By Rachael Ireland, Junior Account Manager, Tangerine PR
The first time I was introduced to augmented reality (AR), I literally couldn’t believe my eyes. It was when my boyfriend was flicking through GQ magazine and came across a watch advertisement that featured AR. Keen to see what all the fuss was about, as instructed I placed the plain white paper template around my wrist before hovering my iPhone over it and to my amazement, I was the proud owner of an extremely expensive watch.
Keen to find out more, I did a quick Google search and learned that AR superimposes graphics, audio and other sense enhancements from computer generated sensory input, such as sound, video, graphics or GPS data, onto real time environments.
AR is increasingly being used in online shopping and mobile phone apps and, like the watch company, many other brands including H&M and SpecSavers, allow you to ‘try on’ their products via AR. Mobile phone apps can even offer services such as instructions on how to change a printer cartridge – cool ‘eh?
As Gratterpalm, the North’s leading advertising agency, is one of Tangerine PR’s clients, I’m only too aware that visuals are an important part of advertising. It’s not surprising that so many companies have jumped on the augmented reality bandwagon, offering tools that visualise their products in a magical and memorable way.
BMW, Doritos, Wrigley’s and Ray-Ban are just a few brands that have used AR as part of their campaigns, but my personal favourite is Lynx’s advertising of their deodorant, which bears the tagline ‘Even angels will fall.’ The company used AR marketing for an ‘Angel Ambush’ at London Victoria station whereby passengers standing in a certain area would see their image appear on a screen and an angel would fall to earth next to them and interact with them. This is just one example of how creative advertising is starting to catch up with rapidly changing technology, to maximise the engagement of viewers and create highly memorable brand interaction.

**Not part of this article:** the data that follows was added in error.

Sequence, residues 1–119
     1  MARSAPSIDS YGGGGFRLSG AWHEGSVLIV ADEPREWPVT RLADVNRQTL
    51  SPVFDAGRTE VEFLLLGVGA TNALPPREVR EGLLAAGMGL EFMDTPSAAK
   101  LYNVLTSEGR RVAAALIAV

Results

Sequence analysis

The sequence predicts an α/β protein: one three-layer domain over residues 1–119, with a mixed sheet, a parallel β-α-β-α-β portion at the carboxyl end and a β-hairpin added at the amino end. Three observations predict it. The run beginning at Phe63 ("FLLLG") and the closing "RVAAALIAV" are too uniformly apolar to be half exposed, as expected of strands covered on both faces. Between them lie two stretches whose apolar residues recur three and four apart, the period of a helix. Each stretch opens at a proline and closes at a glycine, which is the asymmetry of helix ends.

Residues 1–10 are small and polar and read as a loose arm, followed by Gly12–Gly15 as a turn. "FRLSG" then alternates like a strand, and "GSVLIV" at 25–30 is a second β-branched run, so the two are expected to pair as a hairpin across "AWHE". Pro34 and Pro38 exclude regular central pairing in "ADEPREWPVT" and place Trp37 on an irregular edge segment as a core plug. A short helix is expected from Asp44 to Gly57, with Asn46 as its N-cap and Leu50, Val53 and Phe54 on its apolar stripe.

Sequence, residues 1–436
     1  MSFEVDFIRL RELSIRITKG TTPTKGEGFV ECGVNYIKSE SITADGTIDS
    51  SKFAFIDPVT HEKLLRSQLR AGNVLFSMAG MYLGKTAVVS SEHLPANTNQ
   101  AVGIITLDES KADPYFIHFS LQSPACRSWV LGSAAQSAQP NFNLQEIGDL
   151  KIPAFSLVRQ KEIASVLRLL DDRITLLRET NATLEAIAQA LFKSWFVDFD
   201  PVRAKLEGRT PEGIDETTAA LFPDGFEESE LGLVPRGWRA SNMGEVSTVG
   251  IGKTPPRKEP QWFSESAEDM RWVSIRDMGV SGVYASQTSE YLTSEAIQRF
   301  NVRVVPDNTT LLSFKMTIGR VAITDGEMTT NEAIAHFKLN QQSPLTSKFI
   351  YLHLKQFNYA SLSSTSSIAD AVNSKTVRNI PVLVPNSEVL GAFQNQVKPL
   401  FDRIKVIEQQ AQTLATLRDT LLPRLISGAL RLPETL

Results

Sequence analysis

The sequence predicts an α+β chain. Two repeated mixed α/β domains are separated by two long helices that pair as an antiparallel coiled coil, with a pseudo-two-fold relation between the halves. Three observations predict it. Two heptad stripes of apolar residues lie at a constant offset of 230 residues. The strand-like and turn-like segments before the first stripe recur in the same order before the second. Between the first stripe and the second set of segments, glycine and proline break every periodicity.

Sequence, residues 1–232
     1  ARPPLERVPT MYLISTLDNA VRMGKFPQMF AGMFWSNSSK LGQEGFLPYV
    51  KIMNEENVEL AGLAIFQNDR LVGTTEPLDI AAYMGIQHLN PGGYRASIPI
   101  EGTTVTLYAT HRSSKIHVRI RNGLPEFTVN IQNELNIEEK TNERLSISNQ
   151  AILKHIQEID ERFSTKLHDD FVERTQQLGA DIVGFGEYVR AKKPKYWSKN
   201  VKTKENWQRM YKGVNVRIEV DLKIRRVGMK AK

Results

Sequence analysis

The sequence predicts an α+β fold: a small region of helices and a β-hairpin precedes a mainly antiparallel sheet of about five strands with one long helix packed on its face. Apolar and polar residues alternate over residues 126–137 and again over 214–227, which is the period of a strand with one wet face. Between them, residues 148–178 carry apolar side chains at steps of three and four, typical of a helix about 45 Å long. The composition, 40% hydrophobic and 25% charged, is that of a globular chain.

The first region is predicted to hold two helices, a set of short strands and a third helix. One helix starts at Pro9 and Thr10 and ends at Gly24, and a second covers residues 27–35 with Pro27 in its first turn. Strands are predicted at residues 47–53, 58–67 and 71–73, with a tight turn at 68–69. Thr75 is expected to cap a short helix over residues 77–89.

From what I’ve seen, AR really is all about enriching the consumer’s experience and creating a fantasy that people can interact with. A perfect example of this is Playstation’s recently launched ‘Wonderbook™: Book of Spells,’ which transforms the world around you and allows Harry Potter fans to become wizards through AR. The possibilities of AR really are endless.
According to figures from ABI Research, the market for augmented reality in the US alone is expected to hit £218m in 2014, up from about £4m in 2008 – it’s definitely here to stay. AR is not only mind-blowing, but it is definitely a sign of what media and communication experiences will look like in the near future.